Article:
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Head Start parent finds support for daughter’s condition

If you look at Mayzie Sue Springer, you see a happy, playful, energetic child. But her mother, Makenzie, keeps an especially close eye on Mayzie Sue as she plays. You would not realize it as Mayzie Sue climbed on jungle gyms and played at her preschool’s year-end celebration, but only three months prior, she was in surgery to correct a neurological condition that she had since birth.

Mayzie Sue was born with Chiari malformation, a condition in which the affected person’s skull is smaller than normal, causing pressure in the brain and spinal cord. The condition can cause sufferers to have slurred speech, light sensitivity, dizziness, headaches and other symptoms. However, many people who have Chiari malformation are asymptomatic, and can live their entire lives without ever showing signs of having the condition.

Mayzie Sue had never shown symptoms of the disease. As a preschool student at Great Lakes Community Action Partnership (former WSOS Community Action Commission) Early Childhood Center on Bancroft in Toledo, she acts and plays like any preschooler would. However, one day more than a year ago, Mayzie Sue had an incident that soon led to doctors discovering her diagnosis.

"She was taking a nap on the couch and then called out for me," Makenzie said. "I found her lying on the floor. I propped her up, and saw that her eye was turned in."

After Mayzie Sue was taken to the hospital for care and subsequent testing, doctors confirmed that she had Chiari malformation. Specialists in Akron and Cincinnati worked with Mayzie Sue for about a year after the incident, moving cautiously before deciding that she ultimately needed surgery to relieve the pressure that her skull was causing to her brain and spinal cord.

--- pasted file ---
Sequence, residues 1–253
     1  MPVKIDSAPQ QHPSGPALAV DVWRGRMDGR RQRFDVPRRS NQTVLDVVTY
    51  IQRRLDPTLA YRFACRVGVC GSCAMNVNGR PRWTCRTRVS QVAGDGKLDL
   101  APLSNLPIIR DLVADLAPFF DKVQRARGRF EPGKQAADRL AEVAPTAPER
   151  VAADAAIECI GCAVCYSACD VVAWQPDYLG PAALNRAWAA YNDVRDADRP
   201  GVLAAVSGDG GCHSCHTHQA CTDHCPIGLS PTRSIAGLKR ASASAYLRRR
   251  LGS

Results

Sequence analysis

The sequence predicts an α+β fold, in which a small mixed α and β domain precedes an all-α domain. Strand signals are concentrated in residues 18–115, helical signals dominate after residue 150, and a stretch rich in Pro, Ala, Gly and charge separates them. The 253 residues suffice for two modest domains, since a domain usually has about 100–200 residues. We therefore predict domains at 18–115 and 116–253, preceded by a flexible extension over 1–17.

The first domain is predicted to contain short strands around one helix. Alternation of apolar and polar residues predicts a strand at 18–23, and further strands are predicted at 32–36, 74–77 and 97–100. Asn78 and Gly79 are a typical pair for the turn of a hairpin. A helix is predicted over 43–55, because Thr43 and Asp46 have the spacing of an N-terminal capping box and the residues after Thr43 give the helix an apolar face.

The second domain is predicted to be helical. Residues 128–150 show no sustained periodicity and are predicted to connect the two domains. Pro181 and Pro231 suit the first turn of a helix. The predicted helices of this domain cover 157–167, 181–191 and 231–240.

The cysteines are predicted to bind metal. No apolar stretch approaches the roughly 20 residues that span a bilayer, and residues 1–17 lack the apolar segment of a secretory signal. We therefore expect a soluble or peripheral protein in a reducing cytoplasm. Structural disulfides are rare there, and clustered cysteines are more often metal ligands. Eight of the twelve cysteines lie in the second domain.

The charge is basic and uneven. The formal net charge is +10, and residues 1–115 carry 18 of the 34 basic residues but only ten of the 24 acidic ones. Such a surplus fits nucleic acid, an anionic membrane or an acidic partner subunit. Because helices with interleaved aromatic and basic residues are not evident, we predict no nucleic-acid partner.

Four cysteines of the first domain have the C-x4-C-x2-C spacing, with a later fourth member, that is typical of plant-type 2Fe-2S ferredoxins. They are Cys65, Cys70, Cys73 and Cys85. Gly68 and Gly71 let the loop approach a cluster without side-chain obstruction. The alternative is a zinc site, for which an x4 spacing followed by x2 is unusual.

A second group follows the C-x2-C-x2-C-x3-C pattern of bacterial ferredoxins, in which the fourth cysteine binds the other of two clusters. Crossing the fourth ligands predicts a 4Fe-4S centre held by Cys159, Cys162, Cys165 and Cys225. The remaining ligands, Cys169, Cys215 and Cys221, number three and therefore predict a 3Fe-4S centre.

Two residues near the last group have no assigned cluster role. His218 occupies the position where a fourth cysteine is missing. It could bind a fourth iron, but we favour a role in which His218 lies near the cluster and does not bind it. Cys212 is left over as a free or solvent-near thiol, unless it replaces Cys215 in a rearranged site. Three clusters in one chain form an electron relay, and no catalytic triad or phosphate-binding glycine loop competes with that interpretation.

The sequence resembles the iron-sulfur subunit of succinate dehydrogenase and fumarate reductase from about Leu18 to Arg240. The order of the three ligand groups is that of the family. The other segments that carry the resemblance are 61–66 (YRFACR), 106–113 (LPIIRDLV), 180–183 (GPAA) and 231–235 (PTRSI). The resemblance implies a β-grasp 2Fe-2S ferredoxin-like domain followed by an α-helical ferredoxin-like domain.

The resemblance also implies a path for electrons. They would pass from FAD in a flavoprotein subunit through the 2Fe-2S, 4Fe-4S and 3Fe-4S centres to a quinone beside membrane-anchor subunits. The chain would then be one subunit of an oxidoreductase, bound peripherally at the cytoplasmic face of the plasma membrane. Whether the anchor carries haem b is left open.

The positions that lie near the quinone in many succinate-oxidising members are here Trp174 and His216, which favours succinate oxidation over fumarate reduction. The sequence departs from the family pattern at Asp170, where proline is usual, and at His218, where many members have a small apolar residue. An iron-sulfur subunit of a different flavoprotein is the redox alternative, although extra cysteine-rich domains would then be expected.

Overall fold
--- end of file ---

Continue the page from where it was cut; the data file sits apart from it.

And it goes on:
The surgery took place Feb. 22, 2017 in Cincinnati. After three days in the hospital, Mayzie Sue was released and began her recovery. She was soon able to return to her classroom, and Makenzie thanked the Head Start staff for helping to accommodate her daughter as Mayzie Sue recovered from surgery.

"They were super awesome," Makenzie said. "The whole school made a basket of stuff for Mayzie when she was in the hospital."

When Mayzie Sue returned to preschool, center staff were able to tailor their rooms to accommodate some of her needs, such as putting darker shades on room lights to help Mayzie Sue’s sensitivity to light.

"We are still working with some sensory issues, but she’s getting a lot better. Makenzie added. "It’s crucial for her to have a good academic career."

Makenzie also tells people about her daughter’s condition to educate others on Chiari malformation, and has found support she needs at GLCAP Head Start.

"You wouldn’t imagine a school would be so supportive. I couldn’t have asked for a better support system," she said. "My cause is letting people know about Chiari malformation, because it was hard for me to see something wrong with my daughter and not know what it was."

About the author

Great Lakes Community Action Partnership

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